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Why I’m Standing With LA Teachers

L.A. teachers are asking for more than just a well-deserved pay raise. They are also demanding smaller class sizes, less mandatory testing, increase in per-pupil funding, and more adults like nurses, librarians, social workers, and counselors...

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LAANE members holding Support LA teachers signs
, LAANE

2018 has been a pivotal year for teachers. In West Virginia, Oklahoma, Arizona, Kentucky, Colorado, and North Carolina, teachers walked out of their classrooms and into the streets, demanding their grievances be addressed. This fall, fifteen school districts across Washington state started the school year on strike. Here in Los Angeles, the teachers’ union is engaged in tense negotiations and teachers have overwhelmingly voted to authorize a strike if no resolution is reached. We’re finally having a national conversation about the value of educators — and public opinion is on the teachers’ side. According to recent polling, 78% of Americans would support teachers who go on strike over pay issues.

The Los Angeles Unified School District (LAUSD) is the second largest school district in the country. There are 33,000 members of United Teachers Los Angeles (UTLA), the union that bargains on behalf of our teachers and, by extension, on behalf of our kids — because the problems plaguing our school district impact students and teachers alike.

At LAUSD, our children report to packed classrooms where they often have to share desks. If they get hurt on the playground, the school’s part-time nurse might not even be on campus that day. Many schools are cutting the hours of librarians, counselors, psychologists, and social workers — sometimes to less than one day per week.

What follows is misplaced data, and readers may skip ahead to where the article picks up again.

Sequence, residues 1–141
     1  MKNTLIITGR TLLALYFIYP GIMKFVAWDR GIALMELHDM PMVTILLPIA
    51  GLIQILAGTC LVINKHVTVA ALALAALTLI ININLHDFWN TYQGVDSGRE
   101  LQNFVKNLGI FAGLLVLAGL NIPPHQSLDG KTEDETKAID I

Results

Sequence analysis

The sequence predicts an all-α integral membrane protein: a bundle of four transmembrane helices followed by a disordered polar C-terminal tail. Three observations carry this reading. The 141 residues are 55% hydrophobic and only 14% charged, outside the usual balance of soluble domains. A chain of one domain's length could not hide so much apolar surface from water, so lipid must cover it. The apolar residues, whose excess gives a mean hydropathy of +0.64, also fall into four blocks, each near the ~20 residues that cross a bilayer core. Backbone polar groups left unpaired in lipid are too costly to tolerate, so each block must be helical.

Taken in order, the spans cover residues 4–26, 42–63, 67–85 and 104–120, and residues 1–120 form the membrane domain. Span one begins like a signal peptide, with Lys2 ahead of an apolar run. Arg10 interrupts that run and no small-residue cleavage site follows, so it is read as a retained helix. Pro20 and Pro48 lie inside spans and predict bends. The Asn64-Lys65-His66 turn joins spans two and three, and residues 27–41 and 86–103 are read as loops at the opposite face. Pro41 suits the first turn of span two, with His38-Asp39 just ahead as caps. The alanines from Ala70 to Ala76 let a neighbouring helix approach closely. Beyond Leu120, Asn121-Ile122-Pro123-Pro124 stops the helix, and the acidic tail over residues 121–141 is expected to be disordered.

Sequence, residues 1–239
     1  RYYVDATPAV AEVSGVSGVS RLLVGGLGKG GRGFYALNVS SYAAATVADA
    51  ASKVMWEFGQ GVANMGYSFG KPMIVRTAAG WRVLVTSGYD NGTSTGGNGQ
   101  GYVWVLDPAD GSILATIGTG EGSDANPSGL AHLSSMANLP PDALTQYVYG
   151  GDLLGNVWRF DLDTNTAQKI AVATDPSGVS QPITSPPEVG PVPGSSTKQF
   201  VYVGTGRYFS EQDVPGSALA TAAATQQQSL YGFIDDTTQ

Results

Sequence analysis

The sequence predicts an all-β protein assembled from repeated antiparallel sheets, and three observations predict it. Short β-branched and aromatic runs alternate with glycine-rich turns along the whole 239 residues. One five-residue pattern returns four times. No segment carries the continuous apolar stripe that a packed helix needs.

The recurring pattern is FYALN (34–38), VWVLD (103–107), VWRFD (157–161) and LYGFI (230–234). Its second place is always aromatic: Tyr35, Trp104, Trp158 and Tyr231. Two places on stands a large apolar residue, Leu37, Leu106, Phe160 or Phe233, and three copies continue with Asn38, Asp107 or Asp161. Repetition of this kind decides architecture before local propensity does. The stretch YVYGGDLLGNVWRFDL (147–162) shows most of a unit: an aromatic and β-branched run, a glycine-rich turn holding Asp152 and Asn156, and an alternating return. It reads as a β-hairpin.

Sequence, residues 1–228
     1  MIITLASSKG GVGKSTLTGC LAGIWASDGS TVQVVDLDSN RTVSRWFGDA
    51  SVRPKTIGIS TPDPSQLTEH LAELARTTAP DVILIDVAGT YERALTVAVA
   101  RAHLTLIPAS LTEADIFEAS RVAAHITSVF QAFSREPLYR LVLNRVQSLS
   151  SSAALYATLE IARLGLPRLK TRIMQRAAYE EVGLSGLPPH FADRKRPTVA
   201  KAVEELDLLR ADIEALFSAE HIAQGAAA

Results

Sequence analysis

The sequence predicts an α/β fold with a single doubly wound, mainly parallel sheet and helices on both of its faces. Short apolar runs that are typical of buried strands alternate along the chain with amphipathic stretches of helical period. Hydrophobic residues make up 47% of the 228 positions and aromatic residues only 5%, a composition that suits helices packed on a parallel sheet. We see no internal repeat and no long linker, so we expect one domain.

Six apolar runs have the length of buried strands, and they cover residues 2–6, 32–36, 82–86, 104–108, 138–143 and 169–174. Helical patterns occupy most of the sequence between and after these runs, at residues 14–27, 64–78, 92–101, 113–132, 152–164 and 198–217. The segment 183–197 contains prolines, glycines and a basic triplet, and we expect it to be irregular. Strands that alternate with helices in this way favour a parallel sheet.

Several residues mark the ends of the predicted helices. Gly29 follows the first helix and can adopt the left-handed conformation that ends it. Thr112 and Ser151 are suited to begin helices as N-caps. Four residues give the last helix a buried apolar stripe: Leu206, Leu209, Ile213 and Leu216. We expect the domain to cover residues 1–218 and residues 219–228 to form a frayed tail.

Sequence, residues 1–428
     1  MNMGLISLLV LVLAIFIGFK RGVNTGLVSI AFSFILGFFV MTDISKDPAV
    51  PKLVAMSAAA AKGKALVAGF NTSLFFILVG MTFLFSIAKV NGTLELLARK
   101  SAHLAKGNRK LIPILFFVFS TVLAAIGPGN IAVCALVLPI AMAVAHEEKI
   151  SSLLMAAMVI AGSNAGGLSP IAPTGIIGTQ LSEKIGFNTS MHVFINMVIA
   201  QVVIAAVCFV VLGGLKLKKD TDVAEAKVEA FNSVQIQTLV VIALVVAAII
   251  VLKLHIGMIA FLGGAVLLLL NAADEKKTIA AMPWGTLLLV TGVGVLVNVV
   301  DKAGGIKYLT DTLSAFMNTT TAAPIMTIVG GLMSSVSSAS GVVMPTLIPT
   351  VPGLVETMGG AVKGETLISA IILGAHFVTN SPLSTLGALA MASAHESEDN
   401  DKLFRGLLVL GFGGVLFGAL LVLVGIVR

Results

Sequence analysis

Meanwhile, their teachers are being pushed out of the neighborhoods where they teach as the cost of housing increases despite their salaries remaining stagnant. Teachers spend thousands of dollars out of pocket on basic supplies each school year, often aided by online crowd-sourcing platforms where sympathetic acquaintances can help buy dry erase markers and other classroom necessities. More and more, teachers are moonlighting as drivers for rideshare apps or applying for retail jobs to make ends meet. In fact, one in five public school teachers will be forced to hold a second job during the school year.

This is personal for me, as a mother of two kids enrolled in LAUSD public school. My family loves our school, and the wonderful experience we’ve had there is thanks first and foremost to my kids’ teachers. It’s important to me that the teachers who are molding my kids in their hands every day are treated with the respect they deserve.

While no one wants a strike, someone is going to have to give. And if we truly value our kids’ futures, it shouldn’t be the teachers who have to sacrifice. Let’s be honest — college-educated young people don’t choose to be public school teachers for the paycheck. They become teachers because they care about our kids and want to help them learn, think, and grow into the next generation of leaders, creators, and scientists. And the teachers’ bargaining platform represents that.

Los Angeles teachers are asking for more than just a well-deserved pay raise. They are also demanding smaller class sizes, less mandatory testing, an increase in per-pupil funding, and more adults like nurses, librarians, social workers, and counselors on campus. Teachers are also calling for an end to so-called “random” searches that overwhelmingly target black and brown students, and pushing to establish support services for families in immigrant communities. Again, LAUSD is the second-biggest school district in the United States; a victory here could set a precedent for the rest of the country, and allow kids from coast to coast to grow up in safe, healthy, supportive learning environments.

This year marks the 25th anniversary of my organization, the Los Angeles Alliance for a New Economy (LAANE). Since our inception, our vision has been to leverage the power and the potential of our government, and our public institutions and resources for the common good. That’s the very same vision for which our teacher are bargaining today. Public education is a core public institution; one that is the foundation of generational progress. The teachers’ fight is a fight for our working communities, for our children, and for our future.